Joanne Roberts, who is of Filipino descent and the winner of the 2020 Gimli Film Festival’s RBC Emerging Filmmaker Pitch Contest, says the film industry is slow-moving and needs to modernize faster. She wants to give local BIPOC technical crew, writers, and directors their first job credit and the tools and training they need to succeed in the industry.
“The world is so diverse, and art is just representing life in different ways, and if we are representing life, we have to give it the diversity it absolutely deserves,” says Roberts.
It’s conflicting being the token. She says you feel special because you’ve been selected but at the same time it’s really discouraging.
“There are so many artists of colour that absolutely deserve to get their foot in the door but due to the system, we have inherited it makes it harder for people of colour to really be able to thrive in it,” says Roberts.
Her film, Anak, will debut in July 2021 at the Gimli Film Festival.
Boma Cookey-Gam is an up-and-coming actor who’s been in the industry for two years. Originally from Nigeria, she studied law before coming to Winnipeg. She’s worked in various independent productions and as a background performer for larger productions. She says the jobs she finds are posted by white people, making it difficult for her to connect with productions with a diverse crew. She says she usually gets the jobs with the diverse crews through word of mouth and recommendations.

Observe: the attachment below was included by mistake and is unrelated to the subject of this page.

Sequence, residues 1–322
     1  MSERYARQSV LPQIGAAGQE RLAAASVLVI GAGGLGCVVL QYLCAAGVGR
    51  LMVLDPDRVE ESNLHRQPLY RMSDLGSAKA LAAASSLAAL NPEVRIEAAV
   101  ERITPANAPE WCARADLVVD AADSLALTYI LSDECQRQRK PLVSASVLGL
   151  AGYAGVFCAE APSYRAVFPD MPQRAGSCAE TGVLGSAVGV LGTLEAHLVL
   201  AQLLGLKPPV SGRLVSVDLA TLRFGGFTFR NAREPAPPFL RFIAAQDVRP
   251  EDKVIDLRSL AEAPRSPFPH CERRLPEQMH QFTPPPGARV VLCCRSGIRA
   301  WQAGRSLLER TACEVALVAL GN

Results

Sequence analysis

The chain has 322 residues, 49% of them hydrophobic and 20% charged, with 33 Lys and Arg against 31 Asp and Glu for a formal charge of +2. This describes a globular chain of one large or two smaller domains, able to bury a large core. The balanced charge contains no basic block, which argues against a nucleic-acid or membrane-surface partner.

Cookey-Gam says she sometimes doubts the genuineness of some roles she has been offered. She wonders if she receives them just because she is Black. She says she doesn’t just want to play the token Black character.
“In a way, it’s great, but in the same way I’m like wait, so you needed the Black Lives movement so that you could include more black people in your shit?” says Cookey-Gam.
She recalls working on a Black documentary last summer, and there were no Black makeup artists on set for the first few days. The makeup they had did not suit the faces of the actors because they were Black. She questioned the production team’s consideration for the Black performers. Eventually, they hired Black makeup artists for the rest of the shoot days.